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Brachiocephalic Artery Cannulation for Patients with Diseased Ascending Aorta / 日本心臓血管外科学会雑誌
Article in Japanese | WPRIM | ID: wpr-378388
Responsible library: WPRO
ABSTRACT
<p><b>Objective</b> The ascending aortic cannulation (Ao-C) is the routine procedure for cardiopulmonary bypass (CPB) in our hospital. However, for patients with diseased ascending aorta, such as severely calcified aorta, dissected or aneurysmal aorta, we used brachiocephalic artery (BCA) cannulation. The effectiveness and simplicity of BCA cannulation was evaluated. <b>Methods</b> For patients with diseased ascending aorta, BCA was cannulated when the diameter of BCA is larger than 10 mm and is free from calcification, since January 2013. There were 62 patients who underwent aortic valve replacement (AVR) for aortic valve stenosis and BCA cannulation was applied for 11 patients. Standard Ao-C was used for remaining 51 patients. There were 44 patients with dissected or aneurysmal ascending aorta and BCA cannulation was applied for 7 patients, axillary artery perfusion was used for 15 patients and standard Ao-C was used for 22 patients. Consciousness level at the time of awaking from general anesthesia and any complication related with BCA cannulation was evaluated for the effectiveness. Simplicity was evaluated by the time required to establish CPB after skin incision. <b>Results</b> In AVR patients, there was 1 patient with delayed consciousness level recovery with BCA cannulation and this patient was found to have cerebral infarction by CT. Intraoperative aortic dissection, probably due to BCA cannulation was observed in 1 patient, very old fragile and long period steroid user. In diseased ascending aorta patients, no patient suffered neurological accident nor any complication due to cannulation. In AVR patients, the time required to establish CPB after skin incision was 51+/-9 min in BCA cannulation and 47+/-10 min in Ao-C patients (<i>p</i>=0.34). In diseased ascending aorta patients, the time required to establish CPB after skin incision was 49+/-49 min in BCA cannulation and 51+/-16 min (<i>p</i>=0.82). <b>Conclusion</b> BCA cannulation is a very simple and safe technique to establish CPB for patients with diseased ascending aorta. However great care should be taken, and BCA cannulation should be avoided for the long term steroid users or patients with connective tissue disease.</p>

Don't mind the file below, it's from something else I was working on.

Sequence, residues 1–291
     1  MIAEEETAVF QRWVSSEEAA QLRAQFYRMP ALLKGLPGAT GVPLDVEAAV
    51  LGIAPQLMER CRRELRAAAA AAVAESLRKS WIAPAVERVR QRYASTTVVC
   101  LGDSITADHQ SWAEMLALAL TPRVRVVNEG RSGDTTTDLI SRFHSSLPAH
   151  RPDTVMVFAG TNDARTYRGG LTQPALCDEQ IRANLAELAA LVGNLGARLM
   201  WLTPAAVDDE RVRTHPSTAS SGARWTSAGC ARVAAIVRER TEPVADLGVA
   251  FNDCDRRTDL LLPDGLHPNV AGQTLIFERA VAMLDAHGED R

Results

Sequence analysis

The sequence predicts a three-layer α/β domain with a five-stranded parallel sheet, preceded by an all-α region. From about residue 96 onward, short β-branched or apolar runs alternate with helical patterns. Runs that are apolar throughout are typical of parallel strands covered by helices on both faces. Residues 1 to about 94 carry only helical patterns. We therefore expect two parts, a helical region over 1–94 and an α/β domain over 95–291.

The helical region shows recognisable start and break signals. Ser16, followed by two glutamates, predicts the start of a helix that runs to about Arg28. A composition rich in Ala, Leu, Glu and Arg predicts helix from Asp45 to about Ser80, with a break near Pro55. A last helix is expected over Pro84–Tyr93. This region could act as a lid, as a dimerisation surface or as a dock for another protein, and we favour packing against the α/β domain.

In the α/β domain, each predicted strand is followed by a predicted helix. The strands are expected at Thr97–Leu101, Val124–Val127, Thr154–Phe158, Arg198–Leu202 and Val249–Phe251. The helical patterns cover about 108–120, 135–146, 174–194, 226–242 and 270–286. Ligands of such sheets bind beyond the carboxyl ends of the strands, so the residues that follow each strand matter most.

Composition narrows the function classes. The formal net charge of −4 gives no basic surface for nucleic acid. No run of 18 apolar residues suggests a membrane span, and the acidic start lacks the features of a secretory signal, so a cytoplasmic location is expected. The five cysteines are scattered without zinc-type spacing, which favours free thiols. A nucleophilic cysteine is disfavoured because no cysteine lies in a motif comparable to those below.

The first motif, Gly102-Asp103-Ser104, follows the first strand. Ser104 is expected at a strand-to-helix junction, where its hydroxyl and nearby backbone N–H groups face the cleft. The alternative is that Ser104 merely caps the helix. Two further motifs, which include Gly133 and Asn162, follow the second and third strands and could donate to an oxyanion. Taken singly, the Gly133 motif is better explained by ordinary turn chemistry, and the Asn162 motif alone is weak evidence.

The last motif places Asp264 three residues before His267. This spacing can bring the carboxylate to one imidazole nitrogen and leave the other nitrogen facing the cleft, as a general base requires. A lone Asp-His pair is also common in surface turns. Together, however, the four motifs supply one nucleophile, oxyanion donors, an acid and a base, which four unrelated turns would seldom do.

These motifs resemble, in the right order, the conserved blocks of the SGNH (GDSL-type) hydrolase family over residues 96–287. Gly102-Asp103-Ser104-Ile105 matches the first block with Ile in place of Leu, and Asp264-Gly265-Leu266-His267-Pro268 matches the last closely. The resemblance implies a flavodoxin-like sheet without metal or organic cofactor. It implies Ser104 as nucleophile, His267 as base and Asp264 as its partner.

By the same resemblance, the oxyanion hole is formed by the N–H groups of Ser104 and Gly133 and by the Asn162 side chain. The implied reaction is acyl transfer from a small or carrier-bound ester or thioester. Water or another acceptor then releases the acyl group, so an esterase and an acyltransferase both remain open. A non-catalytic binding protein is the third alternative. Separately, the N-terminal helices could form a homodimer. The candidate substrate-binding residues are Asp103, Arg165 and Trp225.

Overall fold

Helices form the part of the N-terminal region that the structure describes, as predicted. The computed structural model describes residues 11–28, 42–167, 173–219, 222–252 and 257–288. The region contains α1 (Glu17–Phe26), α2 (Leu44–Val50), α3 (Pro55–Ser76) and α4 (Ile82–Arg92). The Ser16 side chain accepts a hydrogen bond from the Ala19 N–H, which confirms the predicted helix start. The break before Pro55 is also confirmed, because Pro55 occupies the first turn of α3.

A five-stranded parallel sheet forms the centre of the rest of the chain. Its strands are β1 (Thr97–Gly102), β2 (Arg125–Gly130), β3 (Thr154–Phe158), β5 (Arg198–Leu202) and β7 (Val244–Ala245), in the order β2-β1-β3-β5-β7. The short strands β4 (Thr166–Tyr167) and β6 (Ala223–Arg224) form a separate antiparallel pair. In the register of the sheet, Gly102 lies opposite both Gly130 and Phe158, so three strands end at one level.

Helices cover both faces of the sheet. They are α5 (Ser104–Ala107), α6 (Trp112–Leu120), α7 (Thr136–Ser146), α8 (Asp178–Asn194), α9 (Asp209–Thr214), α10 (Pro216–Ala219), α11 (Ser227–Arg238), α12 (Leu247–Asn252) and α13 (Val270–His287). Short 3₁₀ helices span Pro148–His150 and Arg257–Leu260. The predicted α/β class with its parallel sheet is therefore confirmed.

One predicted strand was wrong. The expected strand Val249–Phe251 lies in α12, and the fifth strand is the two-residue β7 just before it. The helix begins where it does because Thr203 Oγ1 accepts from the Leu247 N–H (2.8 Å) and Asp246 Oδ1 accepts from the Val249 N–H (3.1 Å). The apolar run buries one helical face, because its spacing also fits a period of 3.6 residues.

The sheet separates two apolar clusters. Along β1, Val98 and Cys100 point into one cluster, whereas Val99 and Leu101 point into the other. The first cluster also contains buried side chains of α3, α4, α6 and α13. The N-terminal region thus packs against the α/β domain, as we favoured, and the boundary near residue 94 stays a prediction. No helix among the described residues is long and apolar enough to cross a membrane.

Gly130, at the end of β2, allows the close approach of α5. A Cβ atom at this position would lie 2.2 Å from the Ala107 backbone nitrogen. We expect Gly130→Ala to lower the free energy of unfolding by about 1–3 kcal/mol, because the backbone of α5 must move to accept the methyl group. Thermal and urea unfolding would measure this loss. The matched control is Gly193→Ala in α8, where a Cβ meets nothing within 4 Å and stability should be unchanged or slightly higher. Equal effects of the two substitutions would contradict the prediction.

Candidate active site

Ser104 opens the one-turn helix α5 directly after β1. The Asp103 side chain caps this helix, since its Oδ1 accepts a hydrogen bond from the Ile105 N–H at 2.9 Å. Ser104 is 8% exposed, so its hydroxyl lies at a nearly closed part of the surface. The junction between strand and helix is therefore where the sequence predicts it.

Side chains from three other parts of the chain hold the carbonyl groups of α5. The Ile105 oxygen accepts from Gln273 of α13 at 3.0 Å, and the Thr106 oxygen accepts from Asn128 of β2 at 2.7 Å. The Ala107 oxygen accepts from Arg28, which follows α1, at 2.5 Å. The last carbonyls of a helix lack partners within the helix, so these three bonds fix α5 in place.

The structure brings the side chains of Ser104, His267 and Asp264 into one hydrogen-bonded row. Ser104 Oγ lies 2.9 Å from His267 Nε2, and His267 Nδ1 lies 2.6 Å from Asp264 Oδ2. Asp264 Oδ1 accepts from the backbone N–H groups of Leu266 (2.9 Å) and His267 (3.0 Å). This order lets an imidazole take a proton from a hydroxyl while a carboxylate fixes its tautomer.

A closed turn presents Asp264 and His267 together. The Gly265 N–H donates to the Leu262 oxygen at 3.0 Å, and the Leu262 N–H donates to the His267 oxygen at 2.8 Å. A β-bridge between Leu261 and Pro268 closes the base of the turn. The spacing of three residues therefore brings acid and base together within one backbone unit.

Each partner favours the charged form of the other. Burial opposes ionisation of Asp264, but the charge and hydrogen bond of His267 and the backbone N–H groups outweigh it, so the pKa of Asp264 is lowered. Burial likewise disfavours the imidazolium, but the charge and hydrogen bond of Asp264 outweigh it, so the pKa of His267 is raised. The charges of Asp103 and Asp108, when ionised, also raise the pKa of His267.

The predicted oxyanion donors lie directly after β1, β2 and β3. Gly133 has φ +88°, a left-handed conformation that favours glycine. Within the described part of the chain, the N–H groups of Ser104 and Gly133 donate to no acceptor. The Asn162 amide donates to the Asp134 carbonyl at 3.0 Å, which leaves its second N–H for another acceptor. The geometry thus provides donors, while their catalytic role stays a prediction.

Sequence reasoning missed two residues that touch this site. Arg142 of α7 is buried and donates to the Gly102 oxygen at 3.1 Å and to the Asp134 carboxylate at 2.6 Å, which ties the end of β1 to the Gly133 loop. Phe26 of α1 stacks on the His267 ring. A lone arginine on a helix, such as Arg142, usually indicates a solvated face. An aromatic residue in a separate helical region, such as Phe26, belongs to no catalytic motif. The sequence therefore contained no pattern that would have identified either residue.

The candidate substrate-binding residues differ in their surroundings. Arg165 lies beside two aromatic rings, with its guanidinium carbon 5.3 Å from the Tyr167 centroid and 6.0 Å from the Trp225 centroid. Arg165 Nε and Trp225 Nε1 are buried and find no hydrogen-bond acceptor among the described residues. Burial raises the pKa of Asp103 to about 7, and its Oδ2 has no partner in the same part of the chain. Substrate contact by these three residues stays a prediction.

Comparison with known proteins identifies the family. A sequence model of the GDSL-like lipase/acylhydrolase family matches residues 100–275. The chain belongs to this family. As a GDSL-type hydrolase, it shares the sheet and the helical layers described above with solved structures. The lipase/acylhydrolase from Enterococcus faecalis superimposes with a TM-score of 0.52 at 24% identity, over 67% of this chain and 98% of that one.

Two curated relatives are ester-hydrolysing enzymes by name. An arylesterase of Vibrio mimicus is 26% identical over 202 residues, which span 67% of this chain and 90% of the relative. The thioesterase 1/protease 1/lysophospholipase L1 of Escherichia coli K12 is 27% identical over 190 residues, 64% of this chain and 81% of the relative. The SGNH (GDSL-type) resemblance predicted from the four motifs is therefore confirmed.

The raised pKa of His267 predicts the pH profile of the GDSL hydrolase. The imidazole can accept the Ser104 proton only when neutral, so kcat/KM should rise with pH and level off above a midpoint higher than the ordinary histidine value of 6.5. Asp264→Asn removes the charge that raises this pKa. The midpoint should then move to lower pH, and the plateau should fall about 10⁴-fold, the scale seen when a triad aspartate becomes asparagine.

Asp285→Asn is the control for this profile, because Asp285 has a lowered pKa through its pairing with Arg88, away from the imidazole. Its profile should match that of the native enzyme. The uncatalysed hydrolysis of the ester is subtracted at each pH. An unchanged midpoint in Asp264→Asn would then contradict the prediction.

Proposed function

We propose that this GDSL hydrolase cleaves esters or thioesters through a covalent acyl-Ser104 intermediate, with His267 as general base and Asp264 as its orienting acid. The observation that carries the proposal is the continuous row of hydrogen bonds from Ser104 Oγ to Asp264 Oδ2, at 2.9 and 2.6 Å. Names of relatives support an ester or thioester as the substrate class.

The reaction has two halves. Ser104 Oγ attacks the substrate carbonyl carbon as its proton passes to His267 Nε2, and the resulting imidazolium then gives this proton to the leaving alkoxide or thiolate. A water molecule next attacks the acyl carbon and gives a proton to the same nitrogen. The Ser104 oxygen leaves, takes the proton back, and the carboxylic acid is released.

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Index: WPRIM (Western Pacific) Language: Japanese Journal: Japanese Journal of Cardiovascular Surgery Year: 2016 Type: Article

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Index: WPRIM (Western Pacific) Language: Japanese Journal: Japanese Journal of Cardiovascular Surgery Year: 2016 Type: Article